That crucial flaw bracketed momentarily, Giuliani's plan does not aspire to alter the current market-based system much at all. It comes down to a Health Insurance Credit and a tax deduction for low income families. Both of those proposals, fortunately, would alleviate some of the tremendous burden that poor Americans face when purchasing health care - although we have to hope that Giuliani is more generous with the eligibility on those than he was with, say, welfare, food stamps, subsidized housing and essentially every major social service offered in NYC under his mayorship.
All the same, what Giuliani is offering fails on two critical counts - highlighted by Matt Miller's recent piece in Time. First, for whatever aid it provides them with, Giuliani's plan still holds out that " individuals' buying their own solo health insurance can be the answer to the problem of the uninsured." Without any new mandates, health insurance companies are still free to reject clients with a history of illness (and these are the men and women who need insurance most) or to cheat their poorest customers out of any real coverage by offering plans with low premiums but through-the-roof deductibles that render the plan useless. Secondly, Giuiliani does not "support limiting a family's annual exposure to medical costs to some reasonable percentage of its income." In fact,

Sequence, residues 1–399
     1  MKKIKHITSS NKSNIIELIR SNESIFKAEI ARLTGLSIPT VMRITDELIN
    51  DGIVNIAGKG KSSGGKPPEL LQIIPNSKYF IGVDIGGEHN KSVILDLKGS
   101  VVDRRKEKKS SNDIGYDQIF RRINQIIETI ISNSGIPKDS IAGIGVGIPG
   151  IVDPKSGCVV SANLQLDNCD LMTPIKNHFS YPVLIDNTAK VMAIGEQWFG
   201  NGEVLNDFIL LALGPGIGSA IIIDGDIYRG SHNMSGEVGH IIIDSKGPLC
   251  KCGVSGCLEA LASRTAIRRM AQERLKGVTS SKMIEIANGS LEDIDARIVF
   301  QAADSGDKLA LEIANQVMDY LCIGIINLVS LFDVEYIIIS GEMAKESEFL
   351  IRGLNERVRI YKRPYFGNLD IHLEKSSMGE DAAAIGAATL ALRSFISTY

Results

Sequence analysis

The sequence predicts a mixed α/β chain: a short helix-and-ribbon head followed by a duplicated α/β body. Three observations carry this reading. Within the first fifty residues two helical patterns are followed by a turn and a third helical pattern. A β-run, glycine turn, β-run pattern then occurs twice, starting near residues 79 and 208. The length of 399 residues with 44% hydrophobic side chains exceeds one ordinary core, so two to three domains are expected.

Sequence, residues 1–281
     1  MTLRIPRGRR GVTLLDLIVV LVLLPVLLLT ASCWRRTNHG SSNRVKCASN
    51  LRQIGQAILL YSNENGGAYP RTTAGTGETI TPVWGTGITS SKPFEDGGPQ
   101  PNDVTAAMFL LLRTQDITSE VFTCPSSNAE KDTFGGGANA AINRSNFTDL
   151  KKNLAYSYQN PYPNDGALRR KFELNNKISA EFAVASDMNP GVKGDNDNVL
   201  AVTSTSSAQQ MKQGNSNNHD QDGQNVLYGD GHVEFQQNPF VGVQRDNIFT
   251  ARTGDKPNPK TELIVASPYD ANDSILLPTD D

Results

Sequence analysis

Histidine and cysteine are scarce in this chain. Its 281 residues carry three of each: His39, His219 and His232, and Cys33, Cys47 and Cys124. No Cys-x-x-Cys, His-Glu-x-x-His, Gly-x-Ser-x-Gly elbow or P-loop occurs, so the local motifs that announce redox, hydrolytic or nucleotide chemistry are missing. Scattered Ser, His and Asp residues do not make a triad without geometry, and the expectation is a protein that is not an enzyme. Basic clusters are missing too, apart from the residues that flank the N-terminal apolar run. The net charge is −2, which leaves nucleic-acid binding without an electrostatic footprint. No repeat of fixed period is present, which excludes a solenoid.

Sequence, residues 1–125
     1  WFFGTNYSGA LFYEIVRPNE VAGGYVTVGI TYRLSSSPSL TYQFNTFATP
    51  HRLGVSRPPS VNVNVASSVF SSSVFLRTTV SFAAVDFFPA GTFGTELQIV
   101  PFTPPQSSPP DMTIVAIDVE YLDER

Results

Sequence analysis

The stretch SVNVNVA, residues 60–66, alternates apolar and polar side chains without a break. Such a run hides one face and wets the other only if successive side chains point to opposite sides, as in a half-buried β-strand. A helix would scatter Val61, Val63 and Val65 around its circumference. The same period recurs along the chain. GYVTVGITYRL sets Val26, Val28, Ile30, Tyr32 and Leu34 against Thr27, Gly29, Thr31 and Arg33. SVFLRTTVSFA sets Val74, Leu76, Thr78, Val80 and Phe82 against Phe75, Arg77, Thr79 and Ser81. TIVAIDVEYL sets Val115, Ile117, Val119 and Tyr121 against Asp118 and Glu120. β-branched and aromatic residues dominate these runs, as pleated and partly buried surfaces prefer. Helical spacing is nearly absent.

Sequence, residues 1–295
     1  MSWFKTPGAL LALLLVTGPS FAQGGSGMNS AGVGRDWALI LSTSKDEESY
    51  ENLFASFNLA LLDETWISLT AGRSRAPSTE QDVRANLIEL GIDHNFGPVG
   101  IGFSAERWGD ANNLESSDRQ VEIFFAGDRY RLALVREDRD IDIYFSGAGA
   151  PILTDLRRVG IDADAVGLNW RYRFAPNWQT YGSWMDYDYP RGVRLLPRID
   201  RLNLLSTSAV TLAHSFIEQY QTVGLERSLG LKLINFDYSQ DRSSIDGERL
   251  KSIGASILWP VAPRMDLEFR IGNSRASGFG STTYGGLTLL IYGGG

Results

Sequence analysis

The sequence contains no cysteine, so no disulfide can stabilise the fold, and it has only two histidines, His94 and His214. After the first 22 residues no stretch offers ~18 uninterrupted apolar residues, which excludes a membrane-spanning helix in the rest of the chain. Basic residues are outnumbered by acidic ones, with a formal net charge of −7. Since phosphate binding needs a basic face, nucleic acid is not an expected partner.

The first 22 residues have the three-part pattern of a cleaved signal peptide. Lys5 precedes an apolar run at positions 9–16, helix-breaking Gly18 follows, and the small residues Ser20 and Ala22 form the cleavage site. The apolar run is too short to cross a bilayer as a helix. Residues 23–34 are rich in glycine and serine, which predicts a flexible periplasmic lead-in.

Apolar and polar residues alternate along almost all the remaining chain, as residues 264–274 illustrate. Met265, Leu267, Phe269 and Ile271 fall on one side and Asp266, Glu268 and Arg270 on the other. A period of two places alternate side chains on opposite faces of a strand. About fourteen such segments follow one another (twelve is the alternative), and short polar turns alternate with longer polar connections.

Giuliani actually boasts of an approach certain to hurt people. His health-care tax deduction, he gushed in Iowa recently, "allows you to go out and buy cheaper and cheaper policies [because] you can have higher and higher deductibles." When Americans earning $25,000 a year get sick and end up paying $10,000 or more in hospital charges, their "affordable" insurance courtesy of Giuliani will become a ticket to bankruptcy.
Avoiding political hyperbole is nice, but any critical analysis of what America's Mayor has put on the table for health care reform makes it clear: Giuliani does not care about poor and sick Americans.